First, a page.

Common kiwi (Apteryx australis)—Pictorial Parade

Any of three species (genus Apteryx) of chicken-sized, grayish brown ratite birds, found in New Zealand. Their Maori name refers to the male's shrill call. Kiwis have vestigial wings hidden within the plumage; nostrils at the tip (rather than the base) of the long flexible bill; soft, hairlike feathers; and stout, muscular legs. Each of the four toes has a large claw. Kiwis live in forests, where they sleep by day and forage for worms, insects and their larvae, and berries at night. They run swiftly and use their claws in defense when cornered.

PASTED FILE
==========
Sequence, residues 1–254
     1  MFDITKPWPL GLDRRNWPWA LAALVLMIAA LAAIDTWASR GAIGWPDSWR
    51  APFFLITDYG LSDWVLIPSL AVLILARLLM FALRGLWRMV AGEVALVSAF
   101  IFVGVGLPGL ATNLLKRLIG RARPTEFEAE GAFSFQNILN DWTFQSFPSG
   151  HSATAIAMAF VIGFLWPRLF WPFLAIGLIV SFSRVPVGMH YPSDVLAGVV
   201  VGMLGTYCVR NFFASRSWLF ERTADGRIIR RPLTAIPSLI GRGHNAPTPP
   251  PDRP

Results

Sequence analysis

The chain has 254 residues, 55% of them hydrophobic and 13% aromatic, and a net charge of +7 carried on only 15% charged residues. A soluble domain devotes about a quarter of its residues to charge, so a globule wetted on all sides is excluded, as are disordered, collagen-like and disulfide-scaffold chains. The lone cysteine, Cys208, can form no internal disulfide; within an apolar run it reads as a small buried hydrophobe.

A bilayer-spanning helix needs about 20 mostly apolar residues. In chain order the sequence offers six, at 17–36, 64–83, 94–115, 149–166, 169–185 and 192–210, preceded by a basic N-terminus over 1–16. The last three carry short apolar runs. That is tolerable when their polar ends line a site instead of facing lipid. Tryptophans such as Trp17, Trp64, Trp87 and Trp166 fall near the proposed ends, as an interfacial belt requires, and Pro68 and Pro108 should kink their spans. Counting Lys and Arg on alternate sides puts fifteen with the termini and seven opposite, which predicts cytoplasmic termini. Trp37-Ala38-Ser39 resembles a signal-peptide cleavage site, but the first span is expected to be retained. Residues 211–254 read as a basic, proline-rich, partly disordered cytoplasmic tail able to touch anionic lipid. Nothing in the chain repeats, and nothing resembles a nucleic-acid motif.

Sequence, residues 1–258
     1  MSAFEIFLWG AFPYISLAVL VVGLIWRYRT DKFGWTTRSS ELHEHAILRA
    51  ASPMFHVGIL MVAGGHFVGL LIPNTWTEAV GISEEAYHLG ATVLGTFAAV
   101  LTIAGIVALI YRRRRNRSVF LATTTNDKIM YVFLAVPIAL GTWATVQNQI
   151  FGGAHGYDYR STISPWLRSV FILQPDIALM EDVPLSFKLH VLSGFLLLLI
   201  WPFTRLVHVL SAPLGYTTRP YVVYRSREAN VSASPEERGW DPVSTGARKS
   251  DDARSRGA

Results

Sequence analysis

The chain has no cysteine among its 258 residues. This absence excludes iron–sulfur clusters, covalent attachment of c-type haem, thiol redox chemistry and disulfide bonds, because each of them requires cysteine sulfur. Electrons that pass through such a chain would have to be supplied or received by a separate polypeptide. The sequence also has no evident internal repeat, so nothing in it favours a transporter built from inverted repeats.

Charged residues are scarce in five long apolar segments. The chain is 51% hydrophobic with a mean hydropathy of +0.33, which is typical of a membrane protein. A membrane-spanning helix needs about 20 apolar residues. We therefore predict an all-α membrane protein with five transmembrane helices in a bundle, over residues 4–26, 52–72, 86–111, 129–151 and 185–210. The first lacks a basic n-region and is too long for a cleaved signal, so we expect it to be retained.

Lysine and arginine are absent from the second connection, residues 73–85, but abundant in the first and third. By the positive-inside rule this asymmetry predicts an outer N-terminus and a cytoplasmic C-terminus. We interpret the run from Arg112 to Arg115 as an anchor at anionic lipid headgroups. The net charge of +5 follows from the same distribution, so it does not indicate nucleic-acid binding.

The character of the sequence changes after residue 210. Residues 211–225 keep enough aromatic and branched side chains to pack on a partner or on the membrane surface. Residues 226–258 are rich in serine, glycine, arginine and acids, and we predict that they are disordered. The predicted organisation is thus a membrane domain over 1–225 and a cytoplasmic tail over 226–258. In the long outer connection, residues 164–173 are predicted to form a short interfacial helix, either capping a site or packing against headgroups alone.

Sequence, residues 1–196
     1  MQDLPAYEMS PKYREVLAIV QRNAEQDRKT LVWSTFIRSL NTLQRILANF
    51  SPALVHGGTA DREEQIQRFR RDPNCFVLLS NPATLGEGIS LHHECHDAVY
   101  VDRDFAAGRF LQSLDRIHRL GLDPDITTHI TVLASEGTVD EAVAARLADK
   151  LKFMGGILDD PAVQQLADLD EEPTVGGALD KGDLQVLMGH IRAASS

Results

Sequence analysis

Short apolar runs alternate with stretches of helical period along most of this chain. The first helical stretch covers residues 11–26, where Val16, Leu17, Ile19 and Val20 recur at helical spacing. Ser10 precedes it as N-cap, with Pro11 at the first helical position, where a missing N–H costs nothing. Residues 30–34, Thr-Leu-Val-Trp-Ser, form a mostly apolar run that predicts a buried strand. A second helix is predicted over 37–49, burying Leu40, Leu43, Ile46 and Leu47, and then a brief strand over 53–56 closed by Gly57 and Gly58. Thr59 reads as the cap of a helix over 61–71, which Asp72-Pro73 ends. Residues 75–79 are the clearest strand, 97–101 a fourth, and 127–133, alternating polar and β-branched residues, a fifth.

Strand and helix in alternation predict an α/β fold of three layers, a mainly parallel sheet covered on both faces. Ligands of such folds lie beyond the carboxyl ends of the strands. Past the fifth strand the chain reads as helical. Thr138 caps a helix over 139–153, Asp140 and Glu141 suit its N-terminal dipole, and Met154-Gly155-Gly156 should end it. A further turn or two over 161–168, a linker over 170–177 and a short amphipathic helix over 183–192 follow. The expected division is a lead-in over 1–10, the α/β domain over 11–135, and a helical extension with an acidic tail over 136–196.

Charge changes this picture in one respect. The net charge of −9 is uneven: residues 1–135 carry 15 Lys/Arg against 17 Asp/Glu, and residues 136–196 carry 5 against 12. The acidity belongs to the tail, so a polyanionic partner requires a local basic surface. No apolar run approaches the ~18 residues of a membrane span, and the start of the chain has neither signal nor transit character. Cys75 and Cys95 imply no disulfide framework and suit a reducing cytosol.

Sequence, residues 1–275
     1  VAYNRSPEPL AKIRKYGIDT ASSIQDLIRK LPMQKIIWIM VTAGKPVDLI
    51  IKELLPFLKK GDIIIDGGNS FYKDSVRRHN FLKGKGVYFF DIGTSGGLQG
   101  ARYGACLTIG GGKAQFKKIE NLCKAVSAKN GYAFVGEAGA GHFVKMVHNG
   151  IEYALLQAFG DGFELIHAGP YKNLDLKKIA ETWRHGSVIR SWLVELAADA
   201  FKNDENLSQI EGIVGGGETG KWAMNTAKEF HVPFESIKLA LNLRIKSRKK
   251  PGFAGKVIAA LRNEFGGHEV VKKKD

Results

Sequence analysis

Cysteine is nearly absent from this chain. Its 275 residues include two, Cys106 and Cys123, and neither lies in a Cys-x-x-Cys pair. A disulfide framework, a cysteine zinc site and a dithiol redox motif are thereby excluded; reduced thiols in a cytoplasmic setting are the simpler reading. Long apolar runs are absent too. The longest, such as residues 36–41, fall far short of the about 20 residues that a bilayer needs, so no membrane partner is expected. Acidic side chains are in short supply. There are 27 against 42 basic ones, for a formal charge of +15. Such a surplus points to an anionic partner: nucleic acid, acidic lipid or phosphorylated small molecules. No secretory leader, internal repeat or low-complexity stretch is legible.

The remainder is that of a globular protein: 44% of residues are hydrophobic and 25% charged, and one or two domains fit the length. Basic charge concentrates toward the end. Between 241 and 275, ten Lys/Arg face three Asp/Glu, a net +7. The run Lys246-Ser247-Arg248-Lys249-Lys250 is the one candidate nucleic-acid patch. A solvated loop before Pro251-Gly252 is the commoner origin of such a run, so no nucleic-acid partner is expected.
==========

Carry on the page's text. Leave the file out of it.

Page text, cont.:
This entry comes from Encyclopædia Britannica Concise.
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